WMIDMUN Guide to MUN

Introduction

Model United Nations can be a rewarding experience to both sponsors and students. By building research and communication skills, Model UN trains students to address problems with critical thinking. While historically Model UN has been found in High School and Universities, Middle School Model UN has increased in frequency. The William & Mary Middle School Model United Nations Conference has broken attendance records with nearly every successive year, and sustaining Middle School Model UN programs is vitally important to continuing this trend.

In this guide, we have compiled a basic overview to many of the aspects of creating, maintaining or growing a Model UN club along with basic delegate preparation for conferences. Ultimately, there are five main parts to sponsoring a Model UN team: recruitment, logistical planning, chaperoning, public speaking coaching and research assistance. Feel free to contact any members of the WMIDMUN Secretariat for further guidance in growing your own Model UN program.



Basics of Model United Nations

Model United Nations is a simulation experience in which students assume the role of delegates in a deliberative body. Traditionally, this body is the United Nations (and the majority of committees which delegates can be assigned to at Model UN conferences will reflect this), but additionally other special-settings and bodies are used within the context of Model UN. Some examples include the League of Nations, the World Bank, NATO, the US Senate or more informal bodies such as the Congress of Vienna, the Arctic Council or the President’s Cabinet.

In all cases, delegates will be called on to research and speak on topics pertaining to that body’s jurisdiction and oversight. Students have the opportunity to engage in discussion and debate on potential solutions to problems and propose implementation of policies. Additionally, Model UN conferences simulate the aspect of role-playing on top of problem-solving as delegates represent a specific set of interests – such as existing countries, powerful individuals, or even fictitious personas with a backstory.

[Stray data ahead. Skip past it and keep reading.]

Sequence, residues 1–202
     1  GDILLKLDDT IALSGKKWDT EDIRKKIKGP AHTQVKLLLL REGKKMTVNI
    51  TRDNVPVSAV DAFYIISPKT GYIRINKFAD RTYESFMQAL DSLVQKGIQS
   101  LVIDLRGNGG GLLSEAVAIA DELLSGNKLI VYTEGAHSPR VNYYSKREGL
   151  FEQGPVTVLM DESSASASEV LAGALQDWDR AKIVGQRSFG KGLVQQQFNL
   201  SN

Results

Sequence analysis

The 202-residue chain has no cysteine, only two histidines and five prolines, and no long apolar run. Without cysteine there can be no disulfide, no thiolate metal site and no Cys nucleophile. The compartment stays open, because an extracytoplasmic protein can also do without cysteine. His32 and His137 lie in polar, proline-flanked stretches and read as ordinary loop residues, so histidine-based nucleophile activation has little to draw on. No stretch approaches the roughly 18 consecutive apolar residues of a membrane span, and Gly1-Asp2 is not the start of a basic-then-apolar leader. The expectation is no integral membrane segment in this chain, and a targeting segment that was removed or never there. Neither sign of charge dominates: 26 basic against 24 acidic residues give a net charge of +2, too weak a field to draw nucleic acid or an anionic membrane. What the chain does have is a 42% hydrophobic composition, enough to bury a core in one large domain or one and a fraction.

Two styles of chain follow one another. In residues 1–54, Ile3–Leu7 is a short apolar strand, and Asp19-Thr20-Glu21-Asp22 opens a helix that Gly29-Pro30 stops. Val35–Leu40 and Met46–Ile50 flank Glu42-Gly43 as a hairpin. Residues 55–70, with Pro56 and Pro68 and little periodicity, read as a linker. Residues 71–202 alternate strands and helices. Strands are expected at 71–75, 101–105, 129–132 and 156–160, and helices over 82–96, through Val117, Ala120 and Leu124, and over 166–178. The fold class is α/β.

Explaining and Justifying a Model UN Program

A Model UN Program can give students exposure to an intense problem-solving setting at the Middle School level. Such a program can have incredible benefits to three particular groups: students, teachers and the school as a whole. Stressing the distinct benefits to all involved may help trigger support by faculty and administration into supporting a Model UN Program.

For students, some benefits include:

Further, sponsors have indicated there are many faculty benefits to beginning a Model UN program, such as:

Finally, schools and school districts benefit from a Model UN program in several ways:



Recruiting Members

While many Middle School students who travel to Model UN conferences end up incredibly enjoying their time, being able to recruit students to be willing to do so in the first place is important. Several recruitment strategies (aside from direct marketing such as fliers, posters, and word-of-mouth to students) may be conducted either when first starting a MUN team or when attempting to grow one.

Firstly, soliciting referrals from teachers regarding potential students is a good initial strategy to reach would-be MUN team members. Emailing or conversing with other faculty members about a desire to start an MUN club may lead students who have been particularly vocal in class or have demonstrated strong writing or research abilities to be directed towards Model United Nations. Importantly, note that this is to refer individuals to a club and should not be approached or seen as a system in which teachers must nominate students in order to join a club (i.e. avoid terms such as “nominate”, “recommendation,” etc. to prevent the appearance of an exclusive or competitive nature of selection which can deter other students from joining).

Secondly, integrating MUN into the classroom can lead to taster sessions to pique the interest of potential students. Activities may include simulating a debate in class or creating resolutions to address issues (see further in the guide for specific delegate preparatory activities). Potential classes in which MUN may be offered in an introductory setting include Civics and American History. 

Finally, reaching directly to parents may also lead to recruitment for a MUN program. One way to do so is to reach out to a member of a school administration such as a Principal to discuss the possibility of emailing or through some other correspondence alerting parents of students about Model United Nations. Particularly when combined with mentioning the potential benefits outlined above, this strategy can serve to involve a greater number of individuals in the MUN program and drive up interest.